The Response of Firms to Eligibility Thresholds: Evidence from the Japanese Value-Added Tax

Kazuki Onji

    Research output: Contribution to journalArticle

    Abstract

    It is common to define benefit eligibility for small business policies by restrictions on the firm size. This paper documents the effects of the value-added tax (VAT) threshold in Japan, focusing on the incentives for a large firm to "masquerade" as many small firms by separately incorporating business segments. A comparison of the corporate size distributions before and after the VAT introduction of 1989 shows a clustering of corporations just below the threshold-a pattern that is attributable to the behavioral responses. To rule out the confounding influences of the changes in the company attributes over the years, we applied a semiparametric density decomposition technique developed by DiNardo, Fortin, and Lemieux (DiNardo J., Fortin N.M., Lemieux T., Labor market institutions and the distribution of wages, 1973-1992: a semiparametric approach. Econometrica 1996; 64; 1001-1044). This study suggests that the masquerading behavior by firms may be commonplace in other settings.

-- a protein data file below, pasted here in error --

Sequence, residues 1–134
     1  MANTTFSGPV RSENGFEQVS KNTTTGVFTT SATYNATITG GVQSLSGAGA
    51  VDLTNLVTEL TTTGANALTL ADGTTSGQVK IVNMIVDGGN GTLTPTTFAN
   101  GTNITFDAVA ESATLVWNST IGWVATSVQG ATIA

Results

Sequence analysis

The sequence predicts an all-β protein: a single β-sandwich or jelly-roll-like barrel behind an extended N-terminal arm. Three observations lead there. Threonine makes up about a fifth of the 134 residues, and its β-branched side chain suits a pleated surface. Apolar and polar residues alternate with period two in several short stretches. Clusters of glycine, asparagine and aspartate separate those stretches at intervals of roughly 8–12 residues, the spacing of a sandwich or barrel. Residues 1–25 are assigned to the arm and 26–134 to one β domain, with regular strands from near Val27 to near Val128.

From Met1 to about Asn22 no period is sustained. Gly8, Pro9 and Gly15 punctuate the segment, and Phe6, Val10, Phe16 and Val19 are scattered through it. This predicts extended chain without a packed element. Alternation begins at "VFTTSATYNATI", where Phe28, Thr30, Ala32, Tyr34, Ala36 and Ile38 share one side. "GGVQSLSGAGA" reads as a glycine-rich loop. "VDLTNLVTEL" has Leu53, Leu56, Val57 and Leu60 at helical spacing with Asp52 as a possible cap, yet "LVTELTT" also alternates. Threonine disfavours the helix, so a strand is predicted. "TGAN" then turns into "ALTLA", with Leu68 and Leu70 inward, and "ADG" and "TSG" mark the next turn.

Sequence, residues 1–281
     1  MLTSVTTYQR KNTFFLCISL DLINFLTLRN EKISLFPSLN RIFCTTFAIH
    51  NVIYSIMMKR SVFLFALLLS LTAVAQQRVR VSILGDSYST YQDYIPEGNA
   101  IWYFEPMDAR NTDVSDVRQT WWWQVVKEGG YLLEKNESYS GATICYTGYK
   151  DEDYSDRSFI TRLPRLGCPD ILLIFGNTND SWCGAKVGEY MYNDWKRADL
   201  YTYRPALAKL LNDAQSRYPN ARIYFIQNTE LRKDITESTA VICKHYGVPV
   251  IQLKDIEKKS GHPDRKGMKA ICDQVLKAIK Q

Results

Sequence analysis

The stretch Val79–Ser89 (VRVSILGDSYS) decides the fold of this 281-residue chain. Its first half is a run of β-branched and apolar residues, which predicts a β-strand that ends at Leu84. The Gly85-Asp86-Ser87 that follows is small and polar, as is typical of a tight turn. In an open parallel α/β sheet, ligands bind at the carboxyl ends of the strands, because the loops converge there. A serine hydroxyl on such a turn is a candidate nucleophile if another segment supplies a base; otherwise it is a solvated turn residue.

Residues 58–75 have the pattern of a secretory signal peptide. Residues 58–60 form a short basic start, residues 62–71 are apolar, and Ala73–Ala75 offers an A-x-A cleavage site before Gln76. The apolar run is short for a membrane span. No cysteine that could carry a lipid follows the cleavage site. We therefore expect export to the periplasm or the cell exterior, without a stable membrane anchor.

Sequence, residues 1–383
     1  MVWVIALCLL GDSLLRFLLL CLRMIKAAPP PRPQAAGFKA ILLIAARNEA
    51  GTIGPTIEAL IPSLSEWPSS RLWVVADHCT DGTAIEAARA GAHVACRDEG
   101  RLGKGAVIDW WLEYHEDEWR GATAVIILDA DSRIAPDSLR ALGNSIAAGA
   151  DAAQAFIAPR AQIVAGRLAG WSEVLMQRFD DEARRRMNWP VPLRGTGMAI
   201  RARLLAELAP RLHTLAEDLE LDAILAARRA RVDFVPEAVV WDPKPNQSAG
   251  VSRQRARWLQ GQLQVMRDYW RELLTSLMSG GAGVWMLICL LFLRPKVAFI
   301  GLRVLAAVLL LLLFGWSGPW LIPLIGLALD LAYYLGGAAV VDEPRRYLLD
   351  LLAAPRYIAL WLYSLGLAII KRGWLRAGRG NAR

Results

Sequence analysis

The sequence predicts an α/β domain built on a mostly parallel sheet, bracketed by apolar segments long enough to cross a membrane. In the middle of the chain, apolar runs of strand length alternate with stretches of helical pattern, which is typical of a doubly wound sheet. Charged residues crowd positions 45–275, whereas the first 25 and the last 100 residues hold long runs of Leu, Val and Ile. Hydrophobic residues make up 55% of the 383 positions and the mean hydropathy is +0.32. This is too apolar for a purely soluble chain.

Original languageEnglish
    Pages (from-to)766-775
    JournalJournal of Public Economics
    Volume93
    Issue number5-6
    DOIs
    Publication statusPublished - 2009

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